Controversy and individual players that generate love/hate also sell regardless of the market they play in: Teams that Terrell Owens played for never seemed to lack for coverage. When Latrell Sprewell choked his coach in Golden State, his Q rating seemed to elevate. And of course the aforementioned Brett Farve.

In reality the discussion should not be about location, east coast vs. the rest. It should be big market versus small market bias. The Cleveland Indians, Jacksonville Jaguars, Baltimore Orioles and Charlotte Bobcats are just some of the teams that play on the east coast that I doubt anyone thinks there is any kind of bias going in their direction. Further, given that there are a disproportionate amount of professional teams that technically play in the eastern time zone relative to the rest of country it makes sense that the east would get more coverage to some degree without it being a bias. So when people do say east coast bias, I think they’re talking about a handful of teams predominantly in the northeast.

The big market teams tend to (but not always) spend more money on their players, in some cases that leads to winners which leads to coverage. However, when Mark Cuban bought the Dallas Mavericks, it didn’t matter that they weren’t on the east coast. Cuban increased payroll, brought in players, is a colorful personality, controversial, and the team started to win more then previously. Thus the media profile went up.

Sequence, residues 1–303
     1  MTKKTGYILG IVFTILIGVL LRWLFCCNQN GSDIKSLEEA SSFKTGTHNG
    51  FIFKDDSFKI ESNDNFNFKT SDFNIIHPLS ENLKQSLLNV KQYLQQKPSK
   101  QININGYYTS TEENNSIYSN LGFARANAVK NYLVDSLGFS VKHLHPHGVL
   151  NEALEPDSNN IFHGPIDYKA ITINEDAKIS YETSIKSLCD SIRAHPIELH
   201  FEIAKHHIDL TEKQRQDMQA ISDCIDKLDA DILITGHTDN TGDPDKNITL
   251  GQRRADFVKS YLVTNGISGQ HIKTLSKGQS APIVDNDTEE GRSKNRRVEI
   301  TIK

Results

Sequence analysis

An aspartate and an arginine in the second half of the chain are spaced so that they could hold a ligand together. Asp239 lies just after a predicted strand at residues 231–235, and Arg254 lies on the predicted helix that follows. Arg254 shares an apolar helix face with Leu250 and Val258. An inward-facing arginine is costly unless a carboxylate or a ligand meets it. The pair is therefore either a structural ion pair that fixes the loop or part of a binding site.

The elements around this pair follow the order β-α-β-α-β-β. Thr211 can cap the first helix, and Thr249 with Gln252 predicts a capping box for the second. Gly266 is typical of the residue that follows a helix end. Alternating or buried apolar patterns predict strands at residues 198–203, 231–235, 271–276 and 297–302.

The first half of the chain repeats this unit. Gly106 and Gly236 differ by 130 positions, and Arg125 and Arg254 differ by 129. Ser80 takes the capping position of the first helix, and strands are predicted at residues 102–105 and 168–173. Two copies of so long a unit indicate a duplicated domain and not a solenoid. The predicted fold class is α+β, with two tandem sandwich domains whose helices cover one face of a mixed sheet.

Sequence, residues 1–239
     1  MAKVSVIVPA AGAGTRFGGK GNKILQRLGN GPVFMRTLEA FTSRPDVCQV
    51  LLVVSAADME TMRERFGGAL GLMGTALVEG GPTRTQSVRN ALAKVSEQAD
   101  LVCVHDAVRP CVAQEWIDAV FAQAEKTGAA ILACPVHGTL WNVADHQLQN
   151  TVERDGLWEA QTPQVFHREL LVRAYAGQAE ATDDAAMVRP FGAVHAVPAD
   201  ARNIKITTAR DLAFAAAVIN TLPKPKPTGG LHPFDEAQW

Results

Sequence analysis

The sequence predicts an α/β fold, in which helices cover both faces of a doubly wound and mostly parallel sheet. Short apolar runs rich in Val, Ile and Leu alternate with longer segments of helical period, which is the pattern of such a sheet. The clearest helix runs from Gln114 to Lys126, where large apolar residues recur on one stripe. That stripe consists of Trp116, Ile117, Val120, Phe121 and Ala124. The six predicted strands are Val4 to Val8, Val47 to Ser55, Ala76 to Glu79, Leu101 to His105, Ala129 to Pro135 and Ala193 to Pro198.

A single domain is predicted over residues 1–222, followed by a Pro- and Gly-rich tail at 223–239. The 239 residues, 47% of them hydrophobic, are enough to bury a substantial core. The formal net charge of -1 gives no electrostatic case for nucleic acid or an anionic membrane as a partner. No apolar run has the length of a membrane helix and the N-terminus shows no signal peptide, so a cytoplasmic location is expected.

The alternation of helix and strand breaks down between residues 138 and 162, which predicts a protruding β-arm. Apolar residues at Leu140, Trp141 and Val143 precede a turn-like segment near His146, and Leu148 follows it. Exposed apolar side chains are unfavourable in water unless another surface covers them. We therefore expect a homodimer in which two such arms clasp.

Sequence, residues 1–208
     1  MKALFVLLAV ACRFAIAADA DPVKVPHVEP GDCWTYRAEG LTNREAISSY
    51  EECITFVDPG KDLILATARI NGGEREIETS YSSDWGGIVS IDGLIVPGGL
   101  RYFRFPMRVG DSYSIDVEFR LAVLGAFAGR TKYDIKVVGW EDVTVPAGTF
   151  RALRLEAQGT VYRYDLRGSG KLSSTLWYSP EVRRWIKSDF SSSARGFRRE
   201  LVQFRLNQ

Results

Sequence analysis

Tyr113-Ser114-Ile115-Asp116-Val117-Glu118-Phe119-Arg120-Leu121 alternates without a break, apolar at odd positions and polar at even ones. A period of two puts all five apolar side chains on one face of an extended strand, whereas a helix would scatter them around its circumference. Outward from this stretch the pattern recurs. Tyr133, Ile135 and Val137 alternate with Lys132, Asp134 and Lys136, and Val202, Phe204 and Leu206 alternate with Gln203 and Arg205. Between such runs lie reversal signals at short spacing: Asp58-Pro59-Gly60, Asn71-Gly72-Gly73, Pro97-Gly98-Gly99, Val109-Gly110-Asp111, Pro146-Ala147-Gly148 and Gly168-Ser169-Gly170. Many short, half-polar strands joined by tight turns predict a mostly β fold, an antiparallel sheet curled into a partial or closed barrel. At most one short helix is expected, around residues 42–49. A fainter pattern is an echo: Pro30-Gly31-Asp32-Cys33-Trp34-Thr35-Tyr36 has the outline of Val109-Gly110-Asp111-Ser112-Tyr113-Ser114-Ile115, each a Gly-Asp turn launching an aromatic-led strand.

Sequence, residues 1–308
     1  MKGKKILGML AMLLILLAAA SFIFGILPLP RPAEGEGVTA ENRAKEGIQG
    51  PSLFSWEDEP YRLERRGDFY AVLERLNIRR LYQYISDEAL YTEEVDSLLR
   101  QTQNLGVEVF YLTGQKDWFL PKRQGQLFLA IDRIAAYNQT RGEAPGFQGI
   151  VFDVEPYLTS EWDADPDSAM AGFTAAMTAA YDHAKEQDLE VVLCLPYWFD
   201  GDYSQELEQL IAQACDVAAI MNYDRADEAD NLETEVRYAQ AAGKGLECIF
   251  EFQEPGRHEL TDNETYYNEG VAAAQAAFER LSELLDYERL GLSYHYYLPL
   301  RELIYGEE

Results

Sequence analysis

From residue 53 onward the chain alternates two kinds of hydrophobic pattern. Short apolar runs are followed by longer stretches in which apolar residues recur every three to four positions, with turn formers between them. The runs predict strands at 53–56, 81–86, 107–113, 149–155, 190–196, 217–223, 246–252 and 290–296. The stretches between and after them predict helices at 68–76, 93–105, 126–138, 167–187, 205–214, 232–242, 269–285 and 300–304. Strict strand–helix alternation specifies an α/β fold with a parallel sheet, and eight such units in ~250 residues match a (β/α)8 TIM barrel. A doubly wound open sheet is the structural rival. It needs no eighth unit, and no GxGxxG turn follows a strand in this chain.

The San Francisco Giants put together a moneyball winner, have a closer, Brian Wilson, with a colorful personality and lo and behold they’re getting coverage and Wilson is capitalizing on endorsements.

Kevin Durant is bringing attention to the Oklahoma City Thunder. He is a superstar. The next step is for him to have a Michael Jordan/ Craig Ehlo moment and take his team deeper into the playoffs. If his team progresses, they win a championship and he continues to grow as a player, he and the Thunder will become more of a story, there will be more public interest and the attention and coverage will follow.

If we bring college sports into the conversation, there we see a more even distribution of teams spread out throughout the country. Notre Dame, UCLA, USC, Duke, there are plenty of teams that are not in the northeast that dominate coverage and attention based on current success, history and tradition of their program, or a dominant coaching personality. Bobby Knight, Rick Pitino, and Larry Brown, should he return to college, where these guys coach media will follow.

Having said all of this you might reach the conclusion that I do not think there is any bias in sports. I wouldn’t go that far. I would say it does exist but to a lesser degree then is often mentioned because of the reasons talked about in this blog.

Where you do see bias is in the reporters reporting the news, picking favorites, criticizing and so on. Human bias is part of the equation in hard news that we see all of the time coming from “journalists”, covering world events.  Of course it will rear itself in the sports world as well where we see fewer journalists, and more fans with microphones, and oh yeah, blogs! In the interest of full disclosure I did grow up in New York.

I started this blog by mentioning the Big East and college basketball. By the way how does the Big East usually do when it comes to bowl selection in college football?